Confronting the holiday excesses

Sat, 5 Dec 2015 Source: Essel, Kojo Cobba

Holidays, especially the Christmas and New Year season are notorious for ensuring that the majority of us pack on extra pounds. It can be heartbreaking since many people have worked hard all year only to cancel out all the gains. Should the birth of our Saviour be a time for excesses that negatively affect our health?

By all means share in the love of Christmas but don’t over indulge. You do not have to consume everything in your path just because you are excited. Many times people with lifestyle diseases such as Diabetes, High Blood Pressure and abnormal Cholesterol return to the clinic in January with numbers that will overwhelm even a finance minister in Ghana. Doubling your blood sugar in just a week or two is definitely not worth the “fun”.

In a few days many people will start listing their new year’s resolutions. I am tempted to think it is the guilt of overindulgence at Christmas that drives us along this pathway that all too often leads to failure for the majority of us. The excitement of a new year around the corner, the Christmas carols in the background, the mounds of fufu and chicken and booze, and the exciting décor may all contribute in some way to this ritual of making resolutions. Surely a new year also gives us the confidence to start on a clean sheet but it needs not be a new year only; what about using your birthday or an anniversary day or even Monday my favourite day of the week? The most important thing is to start making your changes on a day that’s easy to remember or one that gives the aura of a new dawn. Monday is a fresh start and I always feel like I have been given a new lease of life.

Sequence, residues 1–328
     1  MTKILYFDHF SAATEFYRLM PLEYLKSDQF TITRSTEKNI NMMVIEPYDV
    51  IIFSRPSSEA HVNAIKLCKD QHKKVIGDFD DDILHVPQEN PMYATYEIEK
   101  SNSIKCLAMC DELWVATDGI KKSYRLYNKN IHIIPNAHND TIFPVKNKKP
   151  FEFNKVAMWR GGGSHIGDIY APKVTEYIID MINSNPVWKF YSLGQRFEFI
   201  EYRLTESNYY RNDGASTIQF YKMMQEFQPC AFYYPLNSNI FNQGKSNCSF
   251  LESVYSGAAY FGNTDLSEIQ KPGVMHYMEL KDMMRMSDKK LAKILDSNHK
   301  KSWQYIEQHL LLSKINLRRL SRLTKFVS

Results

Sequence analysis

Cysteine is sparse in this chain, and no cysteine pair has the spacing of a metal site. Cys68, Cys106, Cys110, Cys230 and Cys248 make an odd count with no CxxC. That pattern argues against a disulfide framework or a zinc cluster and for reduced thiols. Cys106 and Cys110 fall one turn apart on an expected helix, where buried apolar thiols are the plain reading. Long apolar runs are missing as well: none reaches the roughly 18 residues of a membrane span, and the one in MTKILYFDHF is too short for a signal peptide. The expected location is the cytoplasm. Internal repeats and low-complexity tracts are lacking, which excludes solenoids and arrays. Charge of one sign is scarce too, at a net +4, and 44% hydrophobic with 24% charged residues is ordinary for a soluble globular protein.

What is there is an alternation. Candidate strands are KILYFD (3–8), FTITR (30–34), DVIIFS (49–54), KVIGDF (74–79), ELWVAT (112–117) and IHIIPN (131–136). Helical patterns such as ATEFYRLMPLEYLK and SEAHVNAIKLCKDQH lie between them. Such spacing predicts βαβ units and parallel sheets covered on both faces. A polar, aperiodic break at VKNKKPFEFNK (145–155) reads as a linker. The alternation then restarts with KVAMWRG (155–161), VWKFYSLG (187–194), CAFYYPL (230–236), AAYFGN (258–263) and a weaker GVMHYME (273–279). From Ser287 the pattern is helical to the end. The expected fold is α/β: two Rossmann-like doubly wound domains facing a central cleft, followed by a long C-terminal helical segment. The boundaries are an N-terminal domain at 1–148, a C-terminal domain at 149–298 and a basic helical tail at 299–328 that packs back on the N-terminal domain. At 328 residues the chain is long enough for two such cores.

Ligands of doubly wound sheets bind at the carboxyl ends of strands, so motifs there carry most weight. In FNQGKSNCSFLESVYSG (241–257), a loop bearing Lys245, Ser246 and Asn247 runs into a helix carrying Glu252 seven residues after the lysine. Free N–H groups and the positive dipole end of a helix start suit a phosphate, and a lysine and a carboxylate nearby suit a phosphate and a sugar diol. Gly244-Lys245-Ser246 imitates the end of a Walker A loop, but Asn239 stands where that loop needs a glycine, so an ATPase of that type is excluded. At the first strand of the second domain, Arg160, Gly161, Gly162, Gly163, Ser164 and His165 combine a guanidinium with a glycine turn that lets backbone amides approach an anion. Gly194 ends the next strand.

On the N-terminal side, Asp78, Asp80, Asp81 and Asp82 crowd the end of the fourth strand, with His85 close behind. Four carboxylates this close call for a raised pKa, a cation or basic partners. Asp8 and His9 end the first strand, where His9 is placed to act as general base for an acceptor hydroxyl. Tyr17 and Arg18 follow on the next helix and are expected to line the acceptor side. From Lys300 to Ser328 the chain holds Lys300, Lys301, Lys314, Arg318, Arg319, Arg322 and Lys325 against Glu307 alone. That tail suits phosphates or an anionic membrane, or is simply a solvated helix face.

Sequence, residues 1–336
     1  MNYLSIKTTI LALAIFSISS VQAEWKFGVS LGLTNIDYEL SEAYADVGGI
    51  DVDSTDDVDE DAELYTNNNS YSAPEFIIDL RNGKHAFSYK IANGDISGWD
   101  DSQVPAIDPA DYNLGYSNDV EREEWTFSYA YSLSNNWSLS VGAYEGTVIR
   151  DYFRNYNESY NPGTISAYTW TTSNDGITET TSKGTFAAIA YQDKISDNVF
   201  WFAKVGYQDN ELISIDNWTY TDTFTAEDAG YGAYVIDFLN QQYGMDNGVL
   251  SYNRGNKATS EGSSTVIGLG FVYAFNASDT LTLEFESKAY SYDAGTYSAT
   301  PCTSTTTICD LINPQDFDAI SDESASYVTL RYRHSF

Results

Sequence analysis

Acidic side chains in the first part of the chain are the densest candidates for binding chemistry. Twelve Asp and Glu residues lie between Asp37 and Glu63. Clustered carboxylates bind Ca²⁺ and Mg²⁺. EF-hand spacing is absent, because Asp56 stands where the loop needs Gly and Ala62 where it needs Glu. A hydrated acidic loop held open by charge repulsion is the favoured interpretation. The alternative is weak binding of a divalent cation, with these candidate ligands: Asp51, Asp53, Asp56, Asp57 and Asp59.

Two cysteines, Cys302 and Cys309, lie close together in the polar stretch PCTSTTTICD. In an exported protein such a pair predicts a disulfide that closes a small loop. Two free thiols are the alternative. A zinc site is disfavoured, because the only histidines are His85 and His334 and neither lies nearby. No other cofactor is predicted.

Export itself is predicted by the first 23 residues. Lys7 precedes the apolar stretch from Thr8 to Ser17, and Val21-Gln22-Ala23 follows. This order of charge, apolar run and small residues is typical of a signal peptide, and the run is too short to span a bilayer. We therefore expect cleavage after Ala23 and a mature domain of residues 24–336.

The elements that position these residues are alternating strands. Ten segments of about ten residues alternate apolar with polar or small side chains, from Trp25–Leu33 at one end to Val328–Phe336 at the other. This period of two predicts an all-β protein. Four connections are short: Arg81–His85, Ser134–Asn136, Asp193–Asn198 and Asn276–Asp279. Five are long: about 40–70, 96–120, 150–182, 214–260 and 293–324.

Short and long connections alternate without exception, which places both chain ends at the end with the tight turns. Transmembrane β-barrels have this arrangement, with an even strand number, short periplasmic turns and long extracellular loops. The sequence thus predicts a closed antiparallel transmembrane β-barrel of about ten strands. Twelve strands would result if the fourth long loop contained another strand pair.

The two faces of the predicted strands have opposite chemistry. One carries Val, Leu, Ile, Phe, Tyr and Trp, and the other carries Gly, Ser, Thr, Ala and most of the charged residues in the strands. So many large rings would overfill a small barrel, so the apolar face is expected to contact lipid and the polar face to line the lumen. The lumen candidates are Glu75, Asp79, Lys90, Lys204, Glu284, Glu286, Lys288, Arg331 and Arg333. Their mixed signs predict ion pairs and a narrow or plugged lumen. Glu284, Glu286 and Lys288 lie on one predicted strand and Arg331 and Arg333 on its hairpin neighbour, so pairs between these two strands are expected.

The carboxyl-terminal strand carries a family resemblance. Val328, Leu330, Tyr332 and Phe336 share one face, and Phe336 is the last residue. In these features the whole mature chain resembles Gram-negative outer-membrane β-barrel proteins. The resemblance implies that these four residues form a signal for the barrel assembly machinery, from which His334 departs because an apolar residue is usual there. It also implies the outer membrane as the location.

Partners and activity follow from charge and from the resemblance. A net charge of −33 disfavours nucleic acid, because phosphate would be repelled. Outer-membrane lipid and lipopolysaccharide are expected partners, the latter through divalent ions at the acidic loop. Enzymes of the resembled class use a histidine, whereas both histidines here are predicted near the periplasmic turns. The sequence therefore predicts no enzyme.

Almost every ten New Year resolutions will have about 50% of the choices based on a healthy life style. We all know them: Exercise more, lose weight, get a medical checkup, quit smoking and drinking. Almost invariably we give up by the end of the first quarter and for some as soon as the holiday season is over. Do not despair if this scenario sounds all too familiar – YOU ARE IN THE MAJORITY! Definitely behavioural change is difficult and since we are not adequately prepared for the change, we have actually set ourselves up for failure even before we started.